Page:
Hehehehehe, the things one learns in this place. :D
I am seriously tempted to bid $4.99, but I don't even want to pay $1.02 so that won't be happening.
| 7:05 am on Mar 17, 2004 (gmt 0)|
I don't check mine every 15 minutes, but I do check it at least every hour.
There have been times in the past when I have needed to check every 5 minutes. But, I've finally worn the competition down, and have a break for a while.
At least until a new competitor comes along.
| 8:45 am on Mar 17, 2004 (gmt 0)|
|I am seriously tempted to bid $4.99, but I don't even want to pay $1.02 so that won't be happening. |
Yes, the company in #3 position may decide to bid $4.98!
| 4:05 pm on Mar 17, 2004 (gmt 0)|
|But, I've finally worn the competition down, and have a break for a while. |
That's usually what happens with me... and sometimes that break lasts for weeks.
| 6:08 pm on Mar 17, 2004 (gmt 0)|
Great thread, to which I'll add that at some *some* automated bid mgmt systems beat manual bid mgmt hands down when the # of keywords gets into the thousands or hundreds of thousands and spend amounts into six-seven figures per month.
While it's relatively straightforward for a human to regularly monitor the small number of keywords you're talking about, human intervention breaks down at even modest scale (say 1000 keywords). Case in point, if there are, say, 5 bid positions of meaningful volume across 1000 keywords, that means there are 5 to the 1000th power potential scenarios, one of which is ideal at any particular point in time. That number of scenarios can *only* be evaluated by software, not humans.
Every time I make this argument, manually-powered agency types argue till their veins bulge out of their foreheads, but the truth is in Return on Advertising Spend (ROAS).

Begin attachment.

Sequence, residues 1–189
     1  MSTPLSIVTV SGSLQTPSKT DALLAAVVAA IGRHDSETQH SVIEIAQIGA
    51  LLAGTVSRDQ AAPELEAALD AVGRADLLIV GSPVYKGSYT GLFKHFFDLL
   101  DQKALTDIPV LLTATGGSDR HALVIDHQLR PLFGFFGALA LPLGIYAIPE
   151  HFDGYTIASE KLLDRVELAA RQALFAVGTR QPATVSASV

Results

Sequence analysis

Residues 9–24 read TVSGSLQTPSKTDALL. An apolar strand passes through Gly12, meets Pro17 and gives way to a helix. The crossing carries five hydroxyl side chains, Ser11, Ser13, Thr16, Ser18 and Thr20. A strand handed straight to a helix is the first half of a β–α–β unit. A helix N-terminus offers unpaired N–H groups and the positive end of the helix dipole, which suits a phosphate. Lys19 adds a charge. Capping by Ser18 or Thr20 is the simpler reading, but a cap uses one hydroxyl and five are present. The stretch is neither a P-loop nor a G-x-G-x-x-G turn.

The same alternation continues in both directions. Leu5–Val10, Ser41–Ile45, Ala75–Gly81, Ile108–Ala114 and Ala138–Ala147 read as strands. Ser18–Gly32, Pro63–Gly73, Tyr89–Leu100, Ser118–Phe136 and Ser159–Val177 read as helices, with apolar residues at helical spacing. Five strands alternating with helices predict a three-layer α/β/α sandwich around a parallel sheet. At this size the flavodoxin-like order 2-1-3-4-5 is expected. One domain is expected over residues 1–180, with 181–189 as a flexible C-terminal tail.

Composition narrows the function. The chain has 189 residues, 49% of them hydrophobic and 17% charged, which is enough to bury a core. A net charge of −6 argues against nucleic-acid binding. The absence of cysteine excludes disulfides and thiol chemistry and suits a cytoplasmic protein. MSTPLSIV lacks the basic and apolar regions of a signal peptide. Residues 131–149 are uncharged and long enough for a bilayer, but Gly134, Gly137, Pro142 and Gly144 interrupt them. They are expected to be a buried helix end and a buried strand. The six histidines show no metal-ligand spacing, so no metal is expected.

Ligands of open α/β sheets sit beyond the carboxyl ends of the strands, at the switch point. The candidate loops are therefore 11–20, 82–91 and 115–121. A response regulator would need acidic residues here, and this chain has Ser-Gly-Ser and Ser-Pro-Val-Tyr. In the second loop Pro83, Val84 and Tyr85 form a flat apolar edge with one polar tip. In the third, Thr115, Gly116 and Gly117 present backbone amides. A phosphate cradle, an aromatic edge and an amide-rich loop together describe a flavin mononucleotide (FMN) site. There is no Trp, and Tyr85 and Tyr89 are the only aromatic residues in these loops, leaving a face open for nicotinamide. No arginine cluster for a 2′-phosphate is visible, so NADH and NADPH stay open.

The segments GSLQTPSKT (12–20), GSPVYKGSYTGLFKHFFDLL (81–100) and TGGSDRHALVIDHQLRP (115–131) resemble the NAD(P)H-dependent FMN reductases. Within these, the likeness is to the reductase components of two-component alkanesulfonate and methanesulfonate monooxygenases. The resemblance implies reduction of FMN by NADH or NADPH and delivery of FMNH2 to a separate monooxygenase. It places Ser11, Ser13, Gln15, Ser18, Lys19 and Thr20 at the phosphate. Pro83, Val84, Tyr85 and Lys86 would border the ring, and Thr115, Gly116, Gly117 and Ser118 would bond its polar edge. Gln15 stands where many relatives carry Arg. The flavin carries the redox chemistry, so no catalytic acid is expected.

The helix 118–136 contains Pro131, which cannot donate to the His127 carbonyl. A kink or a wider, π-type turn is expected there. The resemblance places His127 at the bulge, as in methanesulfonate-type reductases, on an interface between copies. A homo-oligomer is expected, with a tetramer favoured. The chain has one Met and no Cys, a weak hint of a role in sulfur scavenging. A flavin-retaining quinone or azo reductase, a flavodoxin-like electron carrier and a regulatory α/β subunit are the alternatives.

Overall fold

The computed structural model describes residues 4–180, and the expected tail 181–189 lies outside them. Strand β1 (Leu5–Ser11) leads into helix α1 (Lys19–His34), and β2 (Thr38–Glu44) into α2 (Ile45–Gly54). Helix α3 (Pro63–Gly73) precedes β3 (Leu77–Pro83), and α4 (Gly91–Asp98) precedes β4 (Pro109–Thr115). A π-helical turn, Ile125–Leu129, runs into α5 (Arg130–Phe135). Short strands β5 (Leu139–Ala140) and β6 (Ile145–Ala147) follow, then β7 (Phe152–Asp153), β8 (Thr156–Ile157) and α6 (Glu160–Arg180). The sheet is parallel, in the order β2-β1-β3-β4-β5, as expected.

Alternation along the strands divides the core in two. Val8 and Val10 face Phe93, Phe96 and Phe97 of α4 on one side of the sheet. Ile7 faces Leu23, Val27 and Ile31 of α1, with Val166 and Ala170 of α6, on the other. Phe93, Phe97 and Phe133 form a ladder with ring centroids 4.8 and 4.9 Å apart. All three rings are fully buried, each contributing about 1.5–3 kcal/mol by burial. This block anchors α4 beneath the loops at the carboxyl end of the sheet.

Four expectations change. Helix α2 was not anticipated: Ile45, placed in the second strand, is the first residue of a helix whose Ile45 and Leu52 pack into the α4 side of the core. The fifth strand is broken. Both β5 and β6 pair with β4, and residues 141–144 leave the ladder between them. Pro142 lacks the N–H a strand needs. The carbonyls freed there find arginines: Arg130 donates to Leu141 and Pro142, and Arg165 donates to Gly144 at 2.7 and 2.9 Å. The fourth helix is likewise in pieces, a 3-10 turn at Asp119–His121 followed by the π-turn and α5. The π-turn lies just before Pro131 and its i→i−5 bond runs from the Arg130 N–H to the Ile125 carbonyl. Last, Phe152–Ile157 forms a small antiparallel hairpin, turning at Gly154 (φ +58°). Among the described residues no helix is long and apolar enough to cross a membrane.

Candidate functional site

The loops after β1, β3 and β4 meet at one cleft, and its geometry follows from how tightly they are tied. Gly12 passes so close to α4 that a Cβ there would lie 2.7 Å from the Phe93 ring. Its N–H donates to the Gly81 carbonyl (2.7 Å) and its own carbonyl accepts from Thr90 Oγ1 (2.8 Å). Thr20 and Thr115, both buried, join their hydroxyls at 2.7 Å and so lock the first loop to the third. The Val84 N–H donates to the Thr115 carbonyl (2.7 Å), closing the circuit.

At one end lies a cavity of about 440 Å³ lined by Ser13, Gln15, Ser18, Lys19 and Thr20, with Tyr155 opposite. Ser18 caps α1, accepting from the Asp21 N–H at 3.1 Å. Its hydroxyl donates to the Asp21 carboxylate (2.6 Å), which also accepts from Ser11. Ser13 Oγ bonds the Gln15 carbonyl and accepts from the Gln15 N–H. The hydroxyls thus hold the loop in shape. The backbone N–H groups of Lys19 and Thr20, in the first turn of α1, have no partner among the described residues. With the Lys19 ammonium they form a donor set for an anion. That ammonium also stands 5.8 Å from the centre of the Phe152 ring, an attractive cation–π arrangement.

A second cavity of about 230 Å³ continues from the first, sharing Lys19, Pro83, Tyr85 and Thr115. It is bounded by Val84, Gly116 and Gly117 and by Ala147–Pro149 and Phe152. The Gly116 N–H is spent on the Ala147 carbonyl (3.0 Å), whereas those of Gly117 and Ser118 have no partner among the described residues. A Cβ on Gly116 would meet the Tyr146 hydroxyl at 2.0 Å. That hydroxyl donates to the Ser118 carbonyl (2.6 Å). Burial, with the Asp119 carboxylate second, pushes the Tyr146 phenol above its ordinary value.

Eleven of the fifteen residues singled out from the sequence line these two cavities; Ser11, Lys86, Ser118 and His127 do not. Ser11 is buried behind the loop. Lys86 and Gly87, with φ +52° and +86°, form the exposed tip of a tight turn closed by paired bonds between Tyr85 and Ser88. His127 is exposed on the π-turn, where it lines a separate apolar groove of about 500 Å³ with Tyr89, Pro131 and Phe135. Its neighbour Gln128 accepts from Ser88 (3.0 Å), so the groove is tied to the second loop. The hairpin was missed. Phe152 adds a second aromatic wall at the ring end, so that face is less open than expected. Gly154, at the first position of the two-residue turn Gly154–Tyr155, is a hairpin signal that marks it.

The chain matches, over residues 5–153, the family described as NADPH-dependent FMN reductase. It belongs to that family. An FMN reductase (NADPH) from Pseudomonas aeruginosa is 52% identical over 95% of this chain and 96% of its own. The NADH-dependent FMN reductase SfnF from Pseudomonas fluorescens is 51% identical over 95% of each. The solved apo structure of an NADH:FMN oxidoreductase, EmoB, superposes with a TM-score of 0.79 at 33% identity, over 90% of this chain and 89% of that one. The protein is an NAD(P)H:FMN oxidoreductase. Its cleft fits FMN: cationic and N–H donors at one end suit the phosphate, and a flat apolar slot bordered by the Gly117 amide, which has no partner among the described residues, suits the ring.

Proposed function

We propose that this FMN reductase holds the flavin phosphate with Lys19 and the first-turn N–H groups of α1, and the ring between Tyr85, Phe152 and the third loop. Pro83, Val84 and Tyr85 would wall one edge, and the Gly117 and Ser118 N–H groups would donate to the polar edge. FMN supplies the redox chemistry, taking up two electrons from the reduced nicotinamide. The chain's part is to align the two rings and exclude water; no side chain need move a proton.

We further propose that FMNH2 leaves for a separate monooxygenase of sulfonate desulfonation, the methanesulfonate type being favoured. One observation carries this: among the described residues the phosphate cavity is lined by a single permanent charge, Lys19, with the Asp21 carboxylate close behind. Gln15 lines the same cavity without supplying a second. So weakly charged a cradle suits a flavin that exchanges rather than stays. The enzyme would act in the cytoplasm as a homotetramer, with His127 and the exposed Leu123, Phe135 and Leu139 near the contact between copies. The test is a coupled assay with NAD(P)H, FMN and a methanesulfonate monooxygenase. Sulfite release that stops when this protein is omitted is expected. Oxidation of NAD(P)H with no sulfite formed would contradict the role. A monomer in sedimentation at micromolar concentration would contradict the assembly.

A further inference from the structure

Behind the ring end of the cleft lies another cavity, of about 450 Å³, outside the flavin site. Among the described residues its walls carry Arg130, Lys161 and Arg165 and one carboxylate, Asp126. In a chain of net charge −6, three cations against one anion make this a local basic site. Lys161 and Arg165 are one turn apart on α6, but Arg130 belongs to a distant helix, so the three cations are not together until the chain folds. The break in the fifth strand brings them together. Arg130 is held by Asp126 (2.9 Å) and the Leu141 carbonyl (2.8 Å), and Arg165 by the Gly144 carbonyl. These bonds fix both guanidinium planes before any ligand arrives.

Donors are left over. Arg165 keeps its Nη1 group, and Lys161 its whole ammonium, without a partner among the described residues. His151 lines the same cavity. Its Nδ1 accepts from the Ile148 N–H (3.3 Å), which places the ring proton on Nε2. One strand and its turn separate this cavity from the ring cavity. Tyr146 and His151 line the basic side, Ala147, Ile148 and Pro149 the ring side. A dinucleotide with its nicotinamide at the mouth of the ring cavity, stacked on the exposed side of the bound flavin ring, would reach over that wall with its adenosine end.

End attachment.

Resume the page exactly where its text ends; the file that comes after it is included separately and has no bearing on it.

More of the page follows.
| 8:14 pm on Mar 17, 2004 (gmt 0)|
Well Shorebreak...not sure why you're mixing analytics with bid strategies/management...but then I'm not sure why some bid management companies differentiate ROAS from ROI :)
Nor am I sure why anyone would even think of manually monitoring hundreds of thousands of keywords individually... not to mention that those keywords would surely be broken down into at least dozens of accounts if not tens of dozens... unless of course one is the likes of Amazon or eBay.
Neither can I relate to your math in point since Pareto's (80/20) principle seems to disable most exponential functions one might project, although I think you mean 5 x 1,000 rather than 5 to the 1,000th power.
I know that in my case, even with accounts of 2,000 keywords, volatile bidding generally only occurs with a handful of keywords which might require intensive monitoring, and then only periodically. And generally I'm only concerned with 3 positions of which I'm perfectly content to settle for 2nd or 3d positions in many situations...more of an 'opportunistic bid strategy' which requires little if any subsequent bid adjustments with the majority of my keywords.
No vein bulging argument here, however. I'm ambi-dextrous personally... and I find a harmonious balance between manual and auto... Life's sort of like that don't you think? :)
| 5:40 pm on Mar 19, 2004 (gmt 0)|
It doesn't matter whether you're automated or manual if you don't have an intelligent bid strategy. It's pretty pointless to be spending lots of time changing bids in reaction to each other. When you get into one of these games both players are best off trying to find a point of equilibrium where they can settle down and stop reacting to bid changes.
Further, the only way you can play the game well is to know what the click is really worth to you. If you don't know that, bidding games are just a waste of time.
| 9:58 pm on Mar 19, 2004 (gmt 0)|
|It doesn't matter whether you're automated or manual if you don't have an intelligent bid strategy. |
Just as your strategy doesn't matter if you can't execute and manage it. The point is if you don't have an intelligent bid strategy and/or you don't know "what the click is really worth to you" you shouldn't be bidding to begin with. I would think with the caliber of marketing professionals here that would be a given.
Unfortunately, or perhaps fortunately depending upon your perspective, there are a lot of novice bidders who don't have a clue at either.
|It's pretty pointless to be spending lots of time changing bids in reaction to each other. When you get into one of these games both players are best off trying to find a point of equilibrium where they can settle down and stop reacting to bid changes. |